My Travels in Croatia
by Marius Hibbard
In the year 2000 I accompanied the Vela Luka folk dance group and orchestra from Anacortes to Croatia on tour as their photographer. We spent 17 days traveling around the country and giving performances. During this tour I was enchanted by the people, the place, and it’s history. I have been back many times.
My traveling companion on this trip was Maria Petrish who is the leader of the Vela Luka Dance Ensemble. She is Croatian and a former native of Vela Luka whose family was forced to flee at the height of WWII. They spent the next 5 years being shuttled from one refugee camp to another in Italy then South America. The dance had it’s beginning in these camps. Her mother and 2 sisters started performing traditional Croatian folk dances to entertain the camp guards.
On reaching the U.S.A they settled in Anacortes WA, where Maria’s grand-mother lived. At the time there was a sizable Croatian population here. They continued their folk dancing traditions and expanded the troup to include an orchestra and started touring. Their performances gained them many accolades and respect for sticking strictly to traditional Croatian folkways and for the professionalism of their performances. By doing this they helped keep their ethnic heritage alive here at home in Anacortes.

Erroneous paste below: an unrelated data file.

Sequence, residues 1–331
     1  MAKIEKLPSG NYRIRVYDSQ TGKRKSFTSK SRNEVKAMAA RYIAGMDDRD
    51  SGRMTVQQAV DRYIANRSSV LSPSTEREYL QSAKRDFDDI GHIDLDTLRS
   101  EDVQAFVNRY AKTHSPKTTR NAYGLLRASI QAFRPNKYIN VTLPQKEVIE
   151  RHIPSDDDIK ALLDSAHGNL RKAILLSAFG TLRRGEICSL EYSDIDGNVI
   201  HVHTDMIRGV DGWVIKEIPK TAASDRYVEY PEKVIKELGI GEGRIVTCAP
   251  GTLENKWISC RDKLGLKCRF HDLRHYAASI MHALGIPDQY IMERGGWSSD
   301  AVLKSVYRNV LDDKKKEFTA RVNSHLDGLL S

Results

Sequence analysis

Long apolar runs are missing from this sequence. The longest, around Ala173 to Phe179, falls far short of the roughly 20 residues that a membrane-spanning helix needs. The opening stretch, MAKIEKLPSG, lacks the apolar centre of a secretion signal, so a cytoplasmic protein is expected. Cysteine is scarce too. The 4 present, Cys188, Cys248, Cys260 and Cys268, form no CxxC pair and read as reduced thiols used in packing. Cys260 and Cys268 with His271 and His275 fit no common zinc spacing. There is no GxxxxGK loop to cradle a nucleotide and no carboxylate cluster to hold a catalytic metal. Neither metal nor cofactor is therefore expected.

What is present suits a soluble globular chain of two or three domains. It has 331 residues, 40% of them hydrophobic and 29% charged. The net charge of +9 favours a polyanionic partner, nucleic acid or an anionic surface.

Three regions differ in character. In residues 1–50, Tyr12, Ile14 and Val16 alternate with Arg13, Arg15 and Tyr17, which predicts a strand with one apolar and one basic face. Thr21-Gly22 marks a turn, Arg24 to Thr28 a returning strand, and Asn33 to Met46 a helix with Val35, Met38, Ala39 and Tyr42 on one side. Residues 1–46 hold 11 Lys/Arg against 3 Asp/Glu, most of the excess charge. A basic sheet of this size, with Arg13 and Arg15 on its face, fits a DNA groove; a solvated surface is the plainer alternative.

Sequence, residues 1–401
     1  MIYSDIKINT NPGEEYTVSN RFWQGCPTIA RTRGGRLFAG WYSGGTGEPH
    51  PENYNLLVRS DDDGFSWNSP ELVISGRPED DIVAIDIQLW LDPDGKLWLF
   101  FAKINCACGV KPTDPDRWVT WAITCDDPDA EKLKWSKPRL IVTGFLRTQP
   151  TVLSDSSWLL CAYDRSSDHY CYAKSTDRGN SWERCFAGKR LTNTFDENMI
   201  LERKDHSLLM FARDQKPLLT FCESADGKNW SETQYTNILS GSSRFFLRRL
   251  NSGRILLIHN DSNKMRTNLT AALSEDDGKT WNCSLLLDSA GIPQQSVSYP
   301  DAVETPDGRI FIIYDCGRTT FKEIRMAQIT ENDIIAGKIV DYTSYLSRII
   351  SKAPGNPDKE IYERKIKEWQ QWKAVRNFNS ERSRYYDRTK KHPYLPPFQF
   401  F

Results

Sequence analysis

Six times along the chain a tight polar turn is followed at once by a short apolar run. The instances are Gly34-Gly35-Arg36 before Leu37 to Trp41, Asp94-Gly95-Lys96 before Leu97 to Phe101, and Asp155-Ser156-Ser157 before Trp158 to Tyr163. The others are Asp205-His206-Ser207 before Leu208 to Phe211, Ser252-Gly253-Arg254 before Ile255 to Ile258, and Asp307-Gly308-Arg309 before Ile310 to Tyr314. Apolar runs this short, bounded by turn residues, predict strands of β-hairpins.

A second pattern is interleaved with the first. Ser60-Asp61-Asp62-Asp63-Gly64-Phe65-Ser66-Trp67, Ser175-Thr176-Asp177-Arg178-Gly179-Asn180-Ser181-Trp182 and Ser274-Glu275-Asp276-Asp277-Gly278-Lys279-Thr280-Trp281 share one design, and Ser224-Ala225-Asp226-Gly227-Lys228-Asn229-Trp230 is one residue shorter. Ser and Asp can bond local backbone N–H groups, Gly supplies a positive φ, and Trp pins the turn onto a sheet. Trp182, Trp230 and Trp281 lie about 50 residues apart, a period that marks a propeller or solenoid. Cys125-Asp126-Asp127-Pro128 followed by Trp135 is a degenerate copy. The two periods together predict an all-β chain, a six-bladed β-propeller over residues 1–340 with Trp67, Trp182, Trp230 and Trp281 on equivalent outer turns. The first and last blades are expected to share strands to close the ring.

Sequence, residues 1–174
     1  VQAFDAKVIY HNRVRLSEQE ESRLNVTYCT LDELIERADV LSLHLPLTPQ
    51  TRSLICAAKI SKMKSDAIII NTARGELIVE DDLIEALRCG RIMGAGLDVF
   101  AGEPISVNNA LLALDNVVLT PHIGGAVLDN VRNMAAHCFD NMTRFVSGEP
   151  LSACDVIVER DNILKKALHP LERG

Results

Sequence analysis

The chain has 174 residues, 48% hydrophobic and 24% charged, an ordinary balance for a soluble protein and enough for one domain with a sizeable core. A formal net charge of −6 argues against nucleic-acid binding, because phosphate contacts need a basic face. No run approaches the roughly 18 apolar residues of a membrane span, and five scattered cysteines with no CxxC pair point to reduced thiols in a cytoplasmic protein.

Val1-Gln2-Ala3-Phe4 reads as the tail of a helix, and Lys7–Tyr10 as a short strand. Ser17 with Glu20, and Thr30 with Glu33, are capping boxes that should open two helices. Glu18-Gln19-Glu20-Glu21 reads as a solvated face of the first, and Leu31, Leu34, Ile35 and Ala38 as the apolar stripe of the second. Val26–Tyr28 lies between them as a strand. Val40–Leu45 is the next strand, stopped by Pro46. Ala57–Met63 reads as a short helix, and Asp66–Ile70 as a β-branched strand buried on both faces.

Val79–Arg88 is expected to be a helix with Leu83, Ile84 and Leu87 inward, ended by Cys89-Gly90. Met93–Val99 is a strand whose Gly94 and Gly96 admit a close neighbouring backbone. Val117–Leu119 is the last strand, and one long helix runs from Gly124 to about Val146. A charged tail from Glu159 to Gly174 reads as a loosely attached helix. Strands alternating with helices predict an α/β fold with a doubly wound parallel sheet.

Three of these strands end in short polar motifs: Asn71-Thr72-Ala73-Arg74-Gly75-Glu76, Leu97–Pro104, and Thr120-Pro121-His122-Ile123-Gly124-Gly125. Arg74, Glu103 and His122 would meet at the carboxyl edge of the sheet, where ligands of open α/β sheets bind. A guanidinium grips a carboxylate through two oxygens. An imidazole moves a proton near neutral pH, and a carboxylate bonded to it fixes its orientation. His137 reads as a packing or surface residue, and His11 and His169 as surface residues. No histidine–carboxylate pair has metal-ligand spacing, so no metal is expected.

One of the reasons for this trip in 2018 was to make arrangements for the next tour of the dancers. They have not toured Croatia since 2000. We met with a booking agent in Zagreb and spent 2 days planning the next tour which will be in September, 2019.
After that chore was done we spent the next week traveling around and getting reacquainted with many friends and relatives (Maria has not been been back to Croatia in 17 years). I also got a chance to take a few pictures.
I truly love to travel around Croatia and take pictures. The photos in the Croatian Travels exhibit at the Croatian Cultural Center (Friday, June 1st, 6-9pm) capture what I have been blessed to see as Maria and I traveled about the country — especially the churches. The churches in Croatia are beautiful, old, and full of history. They are a photographers delight. Religion is a big part of Croatian culture and you won’t travel very far without reminders of this. The old city in Dubrovnik has 49 separate churches. There are also countless shrines, chapels, and crosses everywhere you go. Even the roadside markers showing where a person died in a car accident are made out of carved stone or marble, not plastic or wood as you see here in America.
If you are an artist, I highly recommend Croatia as a place for your camera and your soul to find pictures that matter.